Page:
For the last six years I’ve been building a portfolio of revenue-generating products, mostly on my own.
In that period, I’ve been almost 100% transparent about the journey. Every dollar of revenue, every hour I’ve spent, and even my strategic thinking and planning has been available from my open dashboard and monthly retrospectives.
My business journey by the numbers, from the first dollar to full-time. From my open dashboard
Building in public has been good to me.
My audience—small though it is—has been a consistent source of support.
They cheer me on, give me ideas, occasionally buy or help promote my products,
and a handful have even turned into real-life friends.
It’s unclear that I’d be nearly as successful if I’d done this whole thing privately.
And it’s helped me. My retrospective process has helped me stay accountable to…myself—something
that isn’t always easy when you’re working alone.
And so it is with some reluctance that I’ve decided it’s time to stop.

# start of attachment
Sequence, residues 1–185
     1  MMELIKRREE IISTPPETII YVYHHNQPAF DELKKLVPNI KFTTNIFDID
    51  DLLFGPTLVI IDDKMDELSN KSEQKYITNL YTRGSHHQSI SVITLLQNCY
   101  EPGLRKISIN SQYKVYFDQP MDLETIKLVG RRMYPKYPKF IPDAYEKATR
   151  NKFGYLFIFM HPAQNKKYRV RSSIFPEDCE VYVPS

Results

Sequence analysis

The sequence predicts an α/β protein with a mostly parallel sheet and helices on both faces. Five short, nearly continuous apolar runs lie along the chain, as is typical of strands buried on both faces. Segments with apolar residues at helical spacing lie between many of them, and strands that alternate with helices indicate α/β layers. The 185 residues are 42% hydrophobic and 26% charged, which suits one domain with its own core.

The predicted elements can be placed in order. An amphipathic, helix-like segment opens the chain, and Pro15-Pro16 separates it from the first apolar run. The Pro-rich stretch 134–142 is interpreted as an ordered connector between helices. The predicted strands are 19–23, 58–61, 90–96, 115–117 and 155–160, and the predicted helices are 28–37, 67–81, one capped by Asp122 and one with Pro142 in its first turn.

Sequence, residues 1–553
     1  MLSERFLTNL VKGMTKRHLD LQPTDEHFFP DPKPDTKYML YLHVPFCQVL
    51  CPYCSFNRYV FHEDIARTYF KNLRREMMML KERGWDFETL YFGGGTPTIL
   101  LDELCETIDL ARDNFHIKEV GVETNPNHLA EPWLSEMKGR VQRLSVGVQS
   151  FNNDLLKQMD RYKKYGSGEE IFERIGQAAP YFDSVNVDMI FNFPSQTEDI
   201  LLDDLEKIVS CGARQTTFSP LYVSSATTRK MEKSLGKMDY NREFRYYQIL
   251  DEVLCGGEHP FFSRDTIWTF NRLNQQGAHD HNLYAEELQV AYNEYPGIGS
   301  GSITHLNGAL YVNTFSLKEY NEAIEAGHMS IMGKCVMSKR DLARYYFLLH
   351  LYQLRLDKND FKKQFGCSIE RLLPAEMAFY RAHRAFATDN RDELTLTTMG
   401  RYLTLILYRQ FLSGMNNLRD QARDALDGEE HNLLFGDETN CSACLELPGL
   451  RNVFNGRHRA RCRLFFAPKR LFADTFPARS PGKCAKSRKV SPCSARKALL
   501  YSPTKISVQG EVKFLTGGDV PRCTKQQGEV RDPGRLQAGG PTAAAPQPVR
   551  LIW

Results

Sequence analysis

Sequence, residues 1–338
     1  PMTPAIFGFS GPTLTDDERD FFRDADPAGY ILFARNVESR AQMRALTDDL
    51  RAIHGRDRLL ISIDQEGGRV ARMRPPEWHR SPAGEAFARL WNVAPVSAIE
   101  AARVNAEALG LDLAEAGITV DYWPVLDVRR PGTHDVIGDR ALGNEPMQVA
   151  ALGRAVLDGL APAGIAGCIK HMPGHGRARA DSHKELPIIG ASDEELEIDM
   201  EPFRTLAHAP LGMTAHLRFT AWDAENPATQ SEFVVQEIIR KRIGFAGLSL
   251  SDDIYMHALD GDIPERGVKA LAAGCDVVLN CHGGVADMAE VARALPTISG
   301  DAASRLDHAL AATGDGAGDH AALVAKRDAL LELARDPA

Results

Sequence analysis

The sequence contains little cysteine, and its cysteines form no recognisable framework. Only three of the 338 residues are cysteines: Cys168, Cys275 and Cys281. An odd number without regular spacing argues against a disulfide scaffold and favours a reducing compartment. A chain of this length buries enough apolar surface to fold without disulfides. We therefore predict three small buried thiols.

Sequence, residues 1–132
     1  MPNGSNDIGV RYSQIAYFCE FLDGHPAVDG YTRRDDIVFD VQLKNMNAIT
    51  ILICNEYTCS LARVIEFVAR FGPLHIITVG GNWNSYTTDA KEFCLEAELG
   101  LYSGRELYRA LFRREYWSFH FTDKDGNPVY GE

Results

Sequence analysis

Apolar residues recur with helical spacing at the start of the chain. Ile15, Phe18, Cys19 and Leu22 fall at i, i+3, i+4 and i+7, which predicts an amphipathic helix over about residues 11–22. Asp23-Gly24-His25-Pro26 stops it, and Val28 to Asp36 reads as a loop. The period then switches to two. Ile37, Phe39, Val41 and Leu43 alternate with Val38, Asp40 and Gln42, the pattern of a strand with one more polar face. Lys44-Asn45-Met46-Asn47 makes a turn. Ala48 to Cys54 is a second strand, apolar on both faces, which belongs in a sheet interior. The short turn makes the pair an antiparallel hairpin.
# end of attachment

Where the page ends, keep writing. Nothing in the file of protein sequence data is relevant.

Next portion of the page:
Not entirely, but I’ll no longer be sharing my revenue publicly, will no longer publish monthly retrospectives,
and generally will go from being “radically transparent” to something more like “thoughtfully transparent”.
My old and new versions of “building in public”.
What follows is a reflection on why I’ve decided to make these changes.
I hope to document some of the downsides of building in public and provide a window into what
the next stage of a building-in-public journey looks like—at least for one person.
It feels like bragging
When I started building products six years ago, I had nothing but my skills and experience.
I had to claw and fight for my first dollar.
It was the hardest dollar I ever earned. And when I finally earned it, I was thrilled to shout the news from the rooftops.
Part of what made talking about that first dollar so fun was just how ridiculously cost-inefficient the whole thing was.
I calculated that my hourly rate for that dollar was half a cent.
It was so easy to celebrate because I was so obviously far from anything close to resembling a sustainable business.
I was still just a guy with a dream.
Fast forward a few years, and a lot’s changed.
My relationship with my products has gone from “fun thing I’m figuring out” to, basically, my job.
Somewhere in that transition, celebrating the revenue milestones started feeling less and less fun-and-exciting and more and more braggy-and-kind-of-obnoxious.
It’s fun being the scrappy underdog celebrating $100 a month, but as $100 became $1k and, eventually, $10k it started to feel different.